Regarding the March / April resolution. A work in progress.
Suggest your own in the comments!
For the Aff
C: Preserving autonomy
Preserving individual autonomy--including the ability to exercise discretion in going after villains--is a necessary route to justice when the government has failed to enforce the law. Autonomy precedes any sort of societal or law-and-order consideration, because it is the foundation of human rights and societal order.
C: Social Contract
The Social Contract is a rough approach to balancing rights claims as a precursor to the formation of a State. Any State that, through some loss of sovereignty, can or will no longer enforce the law, has violated the Contract, and is no longer legitimate. Thus, not only do individuals reserve the right to seek justice outside the State, but the State also cannot bring any claim against those who protect themselves or their community by doing so. In this way, vigilantism and civil disobedience are two sides of a coin.
C: Popular Sovereignty
Vigilantism, as the resolution would have it, is justified when the government has failed--arguably to a significant degree, since we're debating the "general principle," as the rules of LD state--via notions of justice, which is achieved by recognizing that ultimate sovereignty lies in the people, not the State or the law.
A utilitarian view of justice is founded on two principles of effectiveness: deterrence and incapacitation. Both fail when criminals neither fear the law nor face its consequences. Thus, utilitarianism justifies vigilantism when the government has failed to enforce the law.
C: The Categorical Imperative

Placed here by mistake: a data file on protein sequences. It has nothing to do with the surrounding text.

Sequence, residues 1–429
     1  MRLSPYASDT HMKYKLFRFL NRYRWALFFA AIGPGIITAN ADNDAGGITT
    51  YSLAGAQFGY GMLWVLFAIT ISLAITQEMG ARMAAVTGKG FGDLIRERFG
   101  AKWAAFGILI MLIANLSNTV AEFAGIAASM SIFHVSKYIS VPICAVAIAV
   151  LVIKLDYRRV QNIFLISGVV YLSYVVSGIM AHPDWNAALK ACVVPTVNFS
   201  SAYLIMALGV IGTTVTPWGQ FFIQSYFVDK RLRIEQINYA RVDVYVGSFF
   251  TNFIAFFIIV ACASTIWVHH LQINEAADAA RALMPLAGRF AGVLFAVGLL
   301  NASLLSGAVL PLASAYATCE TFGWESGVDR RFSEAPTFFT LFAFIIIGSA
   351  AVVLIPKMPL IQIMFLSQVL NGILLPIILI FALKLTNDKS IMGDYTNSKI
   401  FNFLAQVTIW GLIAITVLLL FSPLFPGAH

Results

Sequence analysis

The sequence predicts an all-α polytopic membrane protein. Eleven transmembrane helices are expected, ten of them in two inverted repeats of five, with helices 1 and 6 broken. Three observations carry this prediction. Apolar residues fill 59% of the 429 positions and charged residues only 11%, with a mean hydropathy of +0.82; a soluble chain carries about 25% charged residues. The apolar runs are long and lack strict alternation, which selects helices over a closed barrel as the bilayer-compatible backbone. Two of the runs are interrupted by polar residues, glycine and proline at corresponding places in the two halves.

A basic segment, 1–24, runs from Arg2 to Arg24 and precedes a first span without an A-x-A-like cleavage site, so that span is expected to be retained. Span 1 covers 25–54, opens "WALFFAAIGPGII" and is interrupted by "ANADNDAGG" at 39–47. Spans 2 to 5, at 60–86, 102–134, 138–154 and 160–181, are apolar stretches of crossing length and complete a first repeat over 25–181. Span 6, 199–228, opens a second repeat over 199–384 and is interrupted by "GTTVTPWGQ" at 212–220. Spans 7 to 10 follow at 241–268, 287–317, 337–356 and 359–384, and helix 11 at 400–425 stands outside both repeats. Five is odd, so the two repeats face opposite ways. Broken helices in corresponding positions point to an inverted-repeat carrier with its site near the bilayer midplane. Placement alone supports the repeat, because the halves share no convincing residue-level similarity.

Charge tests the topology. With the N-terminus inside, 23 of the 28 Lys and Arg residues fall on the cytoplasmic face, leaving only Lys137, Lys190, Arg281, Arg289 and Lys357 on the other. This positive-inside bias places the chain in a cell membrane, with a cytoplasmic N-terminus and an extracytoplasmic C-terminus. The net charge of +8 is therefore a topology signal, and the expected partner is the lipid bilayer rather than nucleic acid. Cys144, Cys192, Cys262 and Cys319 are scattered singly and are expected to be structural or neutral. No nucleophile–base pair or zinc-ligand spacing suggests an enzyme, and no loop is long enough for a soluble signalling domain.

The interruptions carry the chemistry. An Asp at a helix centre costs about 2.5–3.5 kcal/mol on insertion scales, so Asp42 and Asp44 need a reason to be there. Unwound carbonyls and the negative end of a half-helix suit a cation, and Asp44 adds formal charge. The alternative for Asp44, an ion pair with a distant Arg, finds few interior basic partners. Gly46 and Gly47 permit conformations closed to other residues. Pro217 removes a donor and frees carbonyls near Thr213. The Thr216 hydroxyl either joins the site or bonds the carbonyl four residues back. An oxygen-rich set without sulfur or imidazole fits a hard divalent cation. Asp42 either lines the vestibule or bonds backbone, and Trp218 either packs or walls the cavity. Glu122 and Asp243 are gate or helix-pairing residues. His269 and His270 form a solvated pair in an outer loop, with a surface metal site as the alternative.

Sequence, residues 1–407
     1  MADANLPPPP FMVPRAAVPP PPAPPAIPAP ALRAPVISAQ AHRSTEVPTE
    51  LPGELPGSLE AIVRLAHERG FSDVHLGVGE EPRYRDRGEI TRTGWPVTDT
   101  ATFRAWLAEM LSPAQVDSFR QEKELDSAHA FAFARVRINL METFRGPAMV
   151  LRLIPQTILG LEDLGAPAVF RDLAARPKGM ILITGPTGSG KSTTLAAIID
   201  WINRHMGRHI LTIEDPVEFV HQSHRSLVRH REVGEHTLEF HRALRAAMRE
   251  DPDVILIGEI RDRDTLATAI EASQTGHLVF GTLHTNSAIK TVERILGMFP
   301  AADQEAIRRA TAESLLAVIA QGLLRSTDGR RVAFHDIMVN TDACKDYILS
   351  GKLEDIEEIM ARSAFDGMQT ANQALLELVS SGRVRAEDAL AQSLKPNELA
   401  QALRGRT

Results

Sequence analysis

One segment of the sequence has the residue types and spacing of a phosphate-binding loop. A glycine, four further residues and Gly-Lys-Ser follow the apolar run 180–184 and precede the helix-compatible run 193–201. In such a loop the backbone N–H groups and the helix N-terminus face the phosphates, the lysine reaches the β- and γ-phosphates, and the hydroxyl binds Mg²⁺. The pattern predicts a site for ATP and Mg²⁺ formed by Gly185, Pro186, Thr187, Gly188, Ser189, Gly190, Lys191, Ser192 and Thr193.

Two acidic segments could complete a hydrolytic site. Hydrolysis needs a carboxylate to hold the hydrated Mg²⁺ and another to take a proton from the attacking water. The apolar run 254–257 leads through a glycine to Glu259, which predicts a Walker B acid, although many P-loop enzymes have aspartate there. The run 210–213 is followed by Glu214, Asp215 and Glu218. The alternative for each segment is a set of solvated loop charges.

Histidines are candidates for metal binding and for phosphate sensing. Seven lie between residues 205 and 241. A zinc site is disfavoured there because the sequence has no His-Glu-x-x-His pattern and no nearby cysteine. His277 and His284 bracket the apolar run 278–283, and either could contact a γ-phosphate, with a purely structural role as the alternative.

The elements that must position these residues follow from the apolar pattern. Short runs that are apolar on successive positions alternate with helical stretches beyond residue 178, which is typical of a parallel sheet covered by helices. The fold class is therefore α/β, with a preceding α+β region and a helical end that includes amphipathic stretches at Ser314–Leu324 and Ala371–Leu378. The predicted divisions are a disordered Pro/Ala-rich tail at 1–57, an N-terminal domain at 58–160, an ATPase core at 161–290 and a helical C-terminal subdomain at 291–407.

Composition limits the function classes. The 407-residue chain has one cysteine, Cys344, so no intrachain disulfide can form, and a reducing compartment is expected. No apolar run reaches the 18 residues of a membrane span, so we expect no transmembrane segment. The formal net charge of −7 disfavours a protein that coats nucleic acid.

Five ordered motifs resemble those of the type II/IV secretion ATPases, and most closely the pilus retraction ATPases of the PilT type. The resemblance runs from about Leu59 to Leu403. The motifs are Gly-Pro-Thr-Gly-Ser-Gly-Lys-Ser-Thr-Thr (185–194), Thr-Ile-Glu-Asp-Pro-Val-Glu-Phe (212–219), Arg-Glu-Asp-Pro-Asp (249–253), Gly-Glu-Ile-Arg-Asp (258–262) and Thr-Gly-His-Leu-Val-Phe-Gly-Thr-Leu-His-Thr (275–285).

Punishing the guilty is a categorical imperative. A Kantian would argue that if one of the last two people on earth, surviving the apocalypse in a concrete bunker, knew beyond a doubt that his fellow survivor was an escaped murderer, he would have duty to execute the evildoer. This justice-over-all approach warrants vigilantism in the face of failed government enforcement.
For the Neg
C: The Rule of Law
Affirming the resolution threatens the rule of law, since it prescribes no real minimum for the government's failure to enforce its statutes. Allowing vigilantism to flourish devalues the very institution of the law, which is the closest approximation to real justice within a given society.
V: Societal Welfare
C: The Rule of Law
If vigilantism is justified, similarly to the argument above, the rule of law is at risk, and society is a few steps removed from anarchy. The proper response to an ineffective or apathetic government is to reform its institutions, not to tear apart the social fabric.
V: Justice or Dignity
C: Protecting Rights
Vigilantism offers no protections of due process rights, no checks on cruel or unusual punishment, no accountability to any exterior force. Suspects--or even known criminals--are still humans, deserving of fair trials and humane treatment.